Blog Archives

Common WPF Resource Dictionaries

Skinning a WPF application is as simple as adding an assembly reference (PresentationFramework.Aero) and xml config change. See below.

    <!-- -->
      <ResourceDictionary Source="/PresentationFramework.Aero;component/themes/Aero.NormalColor.xaml"/>

Other sources:

<ResourceDictionary Source="/PresentationFramework.Aero;component/themes/Aero.NormalColor.xaml"/>
<ResourceDictionary Source="/PresentationFramework.Classic;component/themes/Classic.xaml"/>
<ResourceDictionary Source="/PresentationFramework.Royale;component/themes/Royale.NormalColor.xaml"/>
<ResourceDictionary Source="/PresentationFramework.Luna.Homestead;component/themes/Luna.Homestead.xaml"/>
<ResourceDictionary Source="/PresentationFramework.Luna.Metallic;component/themes/Luna.Metallic.xaml"/>
<ResourceDictionary Source="/PresentationFramework.Zune;component/themes/Zune.NormalColor.xaml"/>



call parent page from user control to invoke page methods

To illustrate how we will accomplish this using Reflections, we will be using repeater in a user control within a page.

Your repeater loads data easily within the user control code behind, but you want to utilize the “ItemCommand” event of the repeater to update some values on the page page.

Here’s how this can work:

Parent Page:

//the name doesn't have to match the corresponding method on user control but makes code more readable
    public void rptRepeaterName_ItemCommand(object sender, RepeaterCommandEventArgs e)

            if (e.CommandName == "commandname")
               //do some work on data then call update on parent page to reload data and show within a modal


        catch (Exception ex)
//do something
            throw new ApplicationException(ex.ToString());


User Control:

    protected void rptRepeaterName_ItemCommand(object sender, RepeaterCommandEventArgs e)
        MethodInfo mi = this.Page.GetType().GetMethod("rptRepeaterName_ItemCommand", BindingFlags.Public | BindingFlags.Instance);

//note we specify parent page as the object and pass in a new object representing our repeater and carrying its parameters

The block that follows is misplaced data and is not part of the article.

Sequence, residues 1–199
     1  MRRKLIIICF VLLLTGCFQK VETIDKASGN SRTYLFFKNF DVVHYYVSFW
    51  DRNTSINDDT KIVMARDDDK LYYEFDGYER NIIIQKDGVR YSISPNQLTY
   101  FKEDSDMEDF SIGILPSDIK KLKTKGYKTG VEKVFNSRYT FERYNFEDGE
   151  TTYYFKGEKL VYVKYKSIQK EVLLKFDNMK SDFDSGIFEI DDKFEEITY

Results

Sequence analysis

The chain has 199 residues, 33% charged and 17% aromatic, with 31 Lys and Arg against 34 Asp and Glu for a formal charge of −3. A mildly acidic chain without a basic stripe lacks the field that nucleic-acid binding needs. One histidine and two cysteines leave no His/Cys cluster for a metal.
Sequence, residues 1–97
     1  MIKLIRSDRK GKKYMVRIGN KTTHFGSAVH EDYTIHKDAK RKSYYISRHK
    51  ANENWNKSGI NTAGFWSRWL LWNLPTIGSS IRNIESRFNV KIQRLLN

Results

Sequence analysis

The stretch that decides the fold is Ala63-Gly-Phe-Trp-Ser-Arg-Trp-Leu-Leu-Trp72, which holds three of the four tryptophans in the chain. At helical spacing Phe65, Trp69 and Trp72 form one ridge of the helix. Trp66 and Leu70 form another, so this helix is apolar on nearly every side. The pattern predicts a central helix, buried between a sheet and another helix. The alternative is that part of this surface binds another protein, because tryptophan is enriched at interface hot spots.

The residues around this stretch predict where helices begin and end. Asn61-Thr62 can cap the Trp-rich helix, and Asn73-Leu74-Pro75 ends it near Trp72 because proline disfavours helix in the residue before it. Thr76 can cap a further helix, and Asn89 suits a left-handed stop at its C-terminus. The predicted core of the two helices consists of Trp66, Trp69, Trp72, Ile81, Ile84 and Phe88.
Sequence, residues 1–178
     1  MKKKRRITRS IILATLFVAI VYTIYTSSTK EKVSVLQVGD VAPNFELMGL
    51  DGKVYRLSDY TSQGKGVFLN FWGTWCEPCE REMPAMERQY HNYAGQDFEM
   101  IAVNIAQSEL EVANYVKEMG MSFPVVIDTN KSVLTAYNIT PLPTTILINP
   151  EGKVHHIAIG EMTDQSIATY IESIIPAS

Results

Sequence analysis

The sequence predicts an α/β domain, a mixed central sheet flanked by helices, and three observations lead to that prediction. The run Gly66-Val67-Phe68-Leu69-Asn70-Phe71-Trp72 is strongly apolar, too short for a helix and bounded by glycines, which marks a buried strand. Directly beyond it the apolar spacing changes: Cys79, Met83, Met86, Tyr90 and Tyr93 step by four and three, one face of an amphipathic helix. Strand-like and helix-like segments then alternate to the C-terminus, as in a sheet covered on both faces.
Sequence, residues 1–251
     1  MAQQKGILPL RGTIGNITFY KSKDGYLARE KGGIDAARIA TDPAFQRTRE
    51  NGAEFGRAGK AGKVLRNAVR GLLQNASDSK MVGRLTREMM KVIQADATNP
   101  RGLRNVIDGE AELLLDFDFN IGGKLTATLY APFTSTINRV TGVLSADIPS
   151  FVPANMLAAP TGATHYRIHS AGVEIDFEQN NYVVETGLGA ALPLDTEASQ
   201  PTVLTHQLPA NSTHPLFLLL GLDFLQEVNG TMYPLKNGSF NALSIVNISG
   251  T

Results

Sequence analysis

if (mi!=null) mi.Invoke(this.Page, new Object[] {sender,e });


Voila! Behold the power of Reflections! 8)

In particular, one of the references below (thanks Bruce Barker!) helped me come to this answer, however, the exact code he presents will result in a “Non-static method requires a target” error.

To avoid this error, make sure you always pass in the object when invoking a method that is non-static (within a class that is instantiated).

To learn more about reflections and how it works search my blog for other examples, and visit MSDN for a good overview.

Velocity Reviews,
Reflection Overview (MSDN),

Quick Silverlight References

Most of the links below are relatively introductory, but they do serve as a quick refresher if it has been awhile since you have worked with Silverlight.

Though not all of the links are specific to SL4, I would recommend a path of RIA services in conjunction with ADO .Net Entity framework for your business apps as these new process flows simplify the project structure and are improvements upon their predecessors.

For quick “agile” development, Linq to SQL is still the way to go IMO, but ADO .Net is also great nonetheless.

Walkthrough creating a silverlight business application (4.0 or later) and retrieve data using WCF service.

Using ADO .Net Entity Model / Framework with Silverlight (4.0 or later)

Silverlight custom data forms (3.0 or later)

Basic Animation in Silverlight

General Reference (all versions)

Run Silverlight on Desktop (Out of Browser Application)

Import OData / XML / RSS / Webservice Feeds into Excel

If you came here looking for some quick and easy code that you can plug right in and dump data in excel format.. You have come to the wrong spot. 🙂

Depending on the scenario you may need this functionality for, you may want to check out a cool tool backed by Microsoft called “Powerpivot“.

This code is not hard to write, but there are many points of error and re-implementation for multiple users and/or clients is likely a larger project than you (or your boss) might realize if you haven’t dealt with data conversion processes before or have multiple complex data relationships which may or may not change data structure over time (addition/removal of columns, mappings, etc).

(For an example on some sample code to help you with this task, see one of my older entries on converting datatable to csv.

However, if you decide to go the power pivot route, this is a cool little plugin for use with Microsoft Excel which allows you to directly import data from various streams and feeds including OData and SQL.

This plugin basically eliminates the steps involved for an end user to “export to csv, then import into excel”, as well as cuts back on the time and potentially error prone task of assigning a developer to create a data export for this same process.

Check it out.

.Net Thread Safety

Any future posts regarding thread safe calls will go here.

C#: (field)